New W-4 for 2020: What It Means for Employers & Employees
At the time of hire, all employees must complete the Form W-4 so their employer can withhold the correct federal income tax from their pay. The Internal Revenue Service (IRS) has released a draft of the 2020 Form W-4 that includes major revisions. A final version is expected later this fall. Here is an overview of the proposed changes and what they would mean for you and your employees.
Enacted in late December 2017, the Tax Cuts and Jobs Act (TCJA) made significant changes to tax rates, deductions, tax credits, and withholding calculations. The IRS released new withholding tables for 2018 and 2019, but the Form W-4 remained largely unchanged, continuing to feature an entry for the number of withholding allowances. Prior to the TCJA, most withholding allowances were based on personal exemptions (such as, one each for the employee, any spouse, and dependents), but the TCJA repealed personal exemptions while increasing the standard deduction and changing the tax rates and brackets.
Major Proposed Changes to W-4:
- Only two steps are required. The new draft form is divided into five steps. Only two steps are required: Step 1 (where the employee enters their name, Social Security Number, address, and marital status) and Step 5 (where they sign the form). If they complete only those two steps, their withholding will be computed based on their filing statuses standard deduction and tax rates.
- Entry for number of withholding allowances eliminated. With the redesigned Form, withholding allowances are no longer used. Instead, employees can complete Step 2, Step 3, and Step 4 to make adjustments to their withholding.
- New filing status box. In addition to "single or married filing separately" and "married filing jointly," employees will be able to choose "head of household."
- Adjustment for multiple jobs in a household (Step 2). For employees to adjust withholding when they have multiple jobs and/or a spouse who works, the IRS is giving three options. They can:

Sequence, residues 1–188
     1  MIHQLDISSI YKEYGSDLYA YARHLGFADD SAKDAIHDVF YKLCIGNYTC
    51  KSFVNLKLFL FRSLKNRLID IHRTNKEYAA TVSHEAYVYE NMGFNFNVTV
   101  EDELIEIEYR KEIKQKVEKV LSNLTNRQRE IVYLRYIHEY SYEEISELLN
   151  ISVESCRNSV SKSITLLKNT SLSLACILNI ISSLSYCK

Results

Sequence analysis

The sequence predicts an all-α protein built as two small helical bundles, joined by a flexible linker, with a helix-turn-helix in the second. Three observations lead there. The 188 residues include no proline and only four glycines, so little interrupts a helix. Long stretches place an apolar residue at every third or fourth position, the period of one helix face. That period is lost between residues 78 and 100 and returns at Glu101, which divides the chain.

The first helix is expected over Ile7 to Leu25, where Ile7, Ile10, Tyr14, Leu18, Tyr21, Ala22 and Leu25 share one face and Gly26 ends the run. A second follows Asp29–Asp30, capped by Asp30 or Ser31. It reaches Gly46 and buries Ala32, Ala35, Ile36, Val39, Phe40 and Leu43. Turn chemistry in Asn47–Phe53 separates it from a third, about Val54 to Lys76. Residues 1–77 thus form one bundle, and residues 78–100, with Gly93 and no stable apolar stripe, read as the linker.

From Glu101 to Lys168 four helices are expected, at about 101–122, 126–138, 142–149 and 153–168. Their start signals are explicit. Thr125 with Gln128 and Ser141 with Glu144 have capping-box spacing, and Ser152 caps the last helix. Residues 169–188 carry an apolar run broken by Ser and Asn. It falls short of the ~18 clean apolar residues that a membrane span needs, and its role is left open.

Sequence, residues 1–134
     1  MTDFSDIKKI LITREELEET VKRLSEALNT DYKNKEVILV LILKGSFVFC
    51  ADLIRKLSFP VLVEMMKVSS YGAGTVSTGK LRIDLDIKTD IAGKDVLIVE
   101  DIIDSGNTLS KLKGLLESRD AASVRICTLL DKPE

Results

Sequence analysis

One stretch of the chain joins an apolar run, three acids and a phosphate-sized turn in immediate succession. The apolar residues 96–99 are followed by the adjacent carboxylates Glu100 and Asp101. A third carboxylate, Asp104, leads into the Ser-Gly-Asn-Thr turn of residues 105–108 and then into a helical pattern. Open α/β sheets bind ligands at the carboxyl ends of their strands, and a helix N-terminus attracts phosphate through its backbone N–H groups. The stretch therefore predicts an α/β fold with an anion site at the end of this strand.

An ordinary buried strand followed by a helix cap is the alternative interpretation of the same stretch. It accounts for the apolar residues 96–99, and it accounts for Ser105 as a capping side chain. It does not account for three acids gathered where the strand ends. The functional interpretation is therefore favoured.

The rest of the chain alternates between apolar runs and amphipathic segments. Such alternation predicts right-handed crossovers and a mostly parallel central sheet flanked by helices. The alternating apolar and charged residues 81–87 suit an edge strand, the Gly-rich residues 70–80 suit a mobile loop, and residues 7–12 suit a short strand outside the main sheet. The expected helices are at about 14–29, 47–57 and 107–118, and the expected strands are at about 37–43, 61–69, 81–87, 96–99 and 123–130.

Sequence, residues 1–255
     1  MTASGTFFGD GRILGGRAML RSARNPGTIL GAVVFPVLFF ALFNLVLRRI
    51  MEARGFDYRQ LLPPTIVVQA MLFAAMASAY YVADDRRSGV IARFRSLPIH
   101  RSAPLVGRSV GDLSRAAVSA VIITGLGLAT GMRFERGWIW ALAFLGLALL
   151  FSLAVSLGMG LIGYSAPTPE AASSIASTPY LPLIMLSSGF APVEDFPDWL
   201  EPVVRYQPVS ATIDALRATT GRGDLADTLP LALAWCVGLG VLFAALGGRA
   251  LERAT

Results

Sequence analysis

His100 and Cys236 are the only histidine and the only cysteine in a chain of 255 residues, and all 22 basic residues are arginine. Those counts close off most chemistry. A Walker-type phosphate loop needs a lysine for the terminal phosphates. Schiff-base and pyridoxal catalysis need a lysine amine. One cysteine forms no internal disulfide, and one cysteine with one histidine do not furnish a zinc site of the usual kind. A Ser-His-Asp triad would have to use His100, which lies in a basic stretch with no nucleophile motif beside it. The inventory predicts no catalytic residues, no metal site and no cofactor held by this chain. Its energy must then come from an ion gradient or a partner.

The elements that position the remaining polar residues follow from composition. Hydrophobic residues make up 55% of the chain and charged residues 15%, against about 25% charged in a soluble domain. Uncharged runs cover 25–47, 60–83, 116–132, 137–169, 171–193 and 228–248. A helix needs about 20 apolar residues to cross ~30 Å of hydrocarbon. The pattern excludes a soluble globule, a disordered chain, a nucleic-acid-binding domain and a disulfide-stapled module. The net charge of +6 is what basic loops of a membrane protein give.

- Use the calculator at www.irs.gov/W4APP for the most accurate withholding. This option determines an additional amount to withhold each pay period. Only one wage earner in the family should elect this option and apply the additional amount to Line 4c.
- Use the Multiple Jobs Worksheet on Page 3 of the form to calculate any additional tax due, and enter the additional tax to withhold from each paycheck on Line 4c.
- If there are only two jobs in a household, the employee can simply check a box to apply withholding at higher rates. With this option, both wage-earners in a household should check the box.
- Step 3 is for claiming dependents. The TCJA increased the Child Tax Credit to $2,000 for qualifying children under age 17, and $500 for other dependents. Employees will be able to directly enter the expected full-year tax credits related to dependents on Line 3. The IRS provides taxpayers instructions if the household's expected annual income will be over $200,000 ($400,000 if married filing jointly).
- A simplified process for deductions. Line 4b permits employees with estimated full-year deductions (such as state and local taxes up to $10,000; mortgage interest and charitable contributions) above the standard deduction amount ($12,200 for single filers; $24,400 for Married Filing Jointly in 2019) to use Worksheet 2 on Page 3 and enter the result on Line 4b. Previously, employees were required to convert estimated deductions into an equivalent number of withholding allowances, so this approach significantly simplifies the W-4 completion process for employees. However, employers will need to convert full-year deduction amounts over the standard deduction to a per-payroll period adjustment to taxable wages in withholding calculations.
Will Employees Need to Complete a New W-4 for 2020?
Employees who have submitted Form W-4 in any year before 2020 are not required to submit a new form merely because of the redesign. However, if existing employees wish to adjust their withholding, they must use the redesigned form. Additionally, beginning January 1, 2020, all new employees must use the new redesigned form.
Because the new form requires detailed knowledge of the employee's prior year's tax return, it may be helpful to give new employees additional time to complete the form, or allow them to take the Form W-4 home for completion.
The IRS recommends that taxpayers access the online W-4 Calculator to check their payroll withholding and adjust withholding allowances, if needed, as early as possible. The IRS calculator asks about income and marital status, as well as estimated deductions and tax credits, to determine whether any additional withholding is necessary. The calculator can be found here.
Employers should watch for the final version of the 2020 Form W-4 and begin using it January 1, 2020. Once released by the IRS, the 2020 Form W-4 will be available for download from the State & Federal Resources section of HR411®.